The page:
AAH has grown as rapidly as the violence in Syria and Iraq; a development hardly surprising considering that in post-US withdrawal Iraq power in the region is largely determined by the utility of a political actor (violent or otherwise) to realising Tehran’s ambitions. Undoubtedly, the Iranian regime’s most pressing political concern in the Middle East, despite the conflicts in Syria and Anbar, is to ensure the re-election of Nouri al-Maliki, who has proven to be the greatest champion of the regime’s aims in the country since 2003. AAH, which is believed to be behind up to 41 killings in Baghdad alone last December, and is known to run death squads in both Iraq and Syria, is one of the few organisations to have the political and military clout to carry out such attacks, unlike ISIS which, battered by the Iraqi Government and its allies, would never stretch itself to such attacks against those who are barely competitors.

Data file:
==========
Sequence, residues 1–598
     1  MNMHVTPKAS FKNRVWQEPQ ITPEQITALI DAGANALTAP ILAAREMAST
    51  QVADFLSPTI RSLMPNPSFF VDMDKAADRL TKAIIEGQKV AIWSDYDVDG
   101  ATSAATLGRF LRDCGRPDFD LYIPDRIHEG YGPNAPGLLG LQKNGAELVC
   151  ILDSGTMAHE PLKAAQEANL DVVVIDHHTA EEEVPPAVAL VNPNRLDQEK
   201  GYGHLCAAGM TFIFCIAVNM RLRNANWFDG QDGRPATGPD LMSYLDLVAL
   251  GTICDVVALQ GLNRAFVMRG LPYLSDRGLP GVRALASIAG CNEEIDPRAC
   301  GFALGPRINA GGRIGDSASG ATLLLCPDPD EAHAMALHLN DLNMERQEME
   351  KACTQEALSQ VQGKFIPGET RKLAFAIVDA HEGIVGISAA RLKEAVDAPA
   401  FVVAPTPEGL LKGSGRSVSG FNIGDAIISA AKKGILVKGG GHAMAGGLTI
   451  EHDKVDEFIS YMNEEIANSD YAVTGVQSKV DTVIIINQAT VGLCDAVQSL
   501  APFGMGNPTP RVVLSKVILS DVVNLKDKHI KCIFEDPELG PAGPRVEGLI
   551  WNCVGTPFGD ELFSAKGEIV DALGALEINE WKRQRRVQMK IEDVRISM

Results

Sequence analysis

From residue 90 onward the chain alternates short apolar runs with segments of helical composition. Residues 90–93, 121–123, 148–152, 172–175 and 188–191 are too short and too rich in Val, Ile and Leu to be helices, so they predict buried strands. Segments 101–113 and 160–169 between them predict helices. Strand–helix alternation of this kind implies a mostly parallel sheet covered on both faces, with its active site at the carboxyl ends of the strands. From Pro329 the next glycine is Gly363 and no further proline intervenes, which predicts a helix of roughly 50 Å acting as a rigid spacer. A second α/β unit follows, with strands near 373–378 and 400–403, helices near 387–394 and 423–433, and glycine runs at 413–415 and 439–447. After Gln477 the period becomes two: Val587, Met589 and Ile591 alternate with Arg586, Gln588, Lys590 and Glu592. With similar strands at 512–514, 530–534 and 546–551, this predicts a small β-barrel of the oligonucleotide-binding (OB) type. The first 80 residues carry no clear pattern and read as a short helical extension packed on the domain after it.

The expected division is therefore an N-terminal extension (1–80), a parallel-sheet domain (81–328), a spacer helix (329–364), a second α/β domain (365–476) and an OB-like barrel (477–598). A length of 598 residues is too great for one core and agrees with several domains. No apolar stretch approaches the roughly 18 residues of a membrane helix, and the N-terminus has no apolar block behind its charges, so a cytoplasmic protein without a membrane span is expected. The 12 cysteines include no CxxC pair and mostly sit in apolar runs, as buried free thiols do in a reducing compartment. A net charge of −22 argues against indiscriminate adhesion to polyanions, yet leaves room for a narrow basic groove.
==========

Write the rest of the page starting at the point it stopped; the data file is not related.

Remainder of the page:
We already know that the Iranian regime is calling upon its armed proxies (both inside and outside of the Iraqi Government) to crush Sunni opposition, but the question should now be asked: is Tehran engaging loyal militias in the systematic elimination of internal Shiite challengers to Maliki? If so, that has significant implications for the rest of Maliki’s election campaign; it indicates that Tehran is willing and able to eradicate any and every obstacle to ‘their man’ being re-elected.

About the Author
Curtis Sinclair is a founder and Co-Chairman of the Ashraf Campaign (ASHCAM).